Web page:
[Derek Thompson: Workism is making Americans miserable]

In an interview following his factory reforms, he explained, “It is high time to rid ourselves of the notion that leisure for workmen is either ‘lost time’ or a class privilege.” On the basis of such solemn words, one might almost mistake him for an advocate of the good life. Ford was quick to rectify that impression: “Of course,” he went on, “there is a humanitarian side to the shorter day and the shorter week, but dwelling on that side is likely to get one into trouble, for then leisure may be put before work instead of after work—where it belongs.” Ford found that with their additional day off, his workers showed up “so fresh and keen that they are able to put their minds as well as their hands into their work.” Better yet, they used their time off to buy more things, which Ford argued would increase aggregate demand, fueling growth. Leisure became a means to a means.

This passing of the baton from utopians to pragmatists is a regular occurrence. Consider the odd fortune that has befallen sleep, that primordial cousin of leisure. The number of sleep hours for the average North American went from 10 hours a century ago to 6.5 hours today.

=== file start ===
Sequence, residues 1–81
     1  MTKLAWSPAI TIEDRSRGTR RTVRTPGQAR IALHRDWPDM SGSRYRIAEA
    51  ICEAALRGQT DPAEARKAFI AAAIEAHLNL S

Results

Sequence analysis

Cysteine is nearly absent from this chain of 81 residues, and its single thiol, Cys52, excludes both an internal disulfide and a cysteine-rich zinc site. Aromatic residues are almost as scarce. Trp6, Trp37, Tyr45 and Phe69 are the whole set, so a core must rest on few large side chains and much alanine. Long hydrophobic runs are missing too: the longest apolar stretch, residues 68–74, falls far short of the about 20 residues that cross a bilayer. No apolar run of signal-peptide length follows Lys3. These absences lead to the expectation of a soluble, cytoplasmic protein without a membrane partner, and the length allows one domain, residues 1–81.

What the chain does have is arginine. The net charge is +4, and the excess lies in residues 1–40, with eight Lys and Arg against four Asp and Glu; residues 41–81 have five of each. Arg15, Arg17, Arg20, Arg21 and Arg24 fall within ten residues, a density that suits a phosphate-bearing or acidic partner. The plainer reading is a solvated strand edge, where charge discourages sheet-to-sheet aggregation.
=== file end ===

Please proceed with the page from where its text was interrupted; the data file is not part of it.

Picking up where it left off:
Then, a funny thing happened. Business leaders embraced the fruitfulness of sleep. In a blurb for The Sleep Revolution, a book by the business mogul Arianna Huffington, Sheryl Sandberg, the COO of Facebook, explained, “Arianna shows that sleep is not just vital for our health, but also critical to helping us achieve our goals.” Sleep, in other words, has become another means to an end.

Getting by on four hours of sleep is no longer cause for admiration; it’s a sign that you’re a small, stressed-out cog in the machine. The thinking person gets their full eight hours and tracks their REM minutes on a well-designed app. No self-respecting start-up is complete without sleep pods for employees who would like to take an energy nap and return to work, their best selves once more.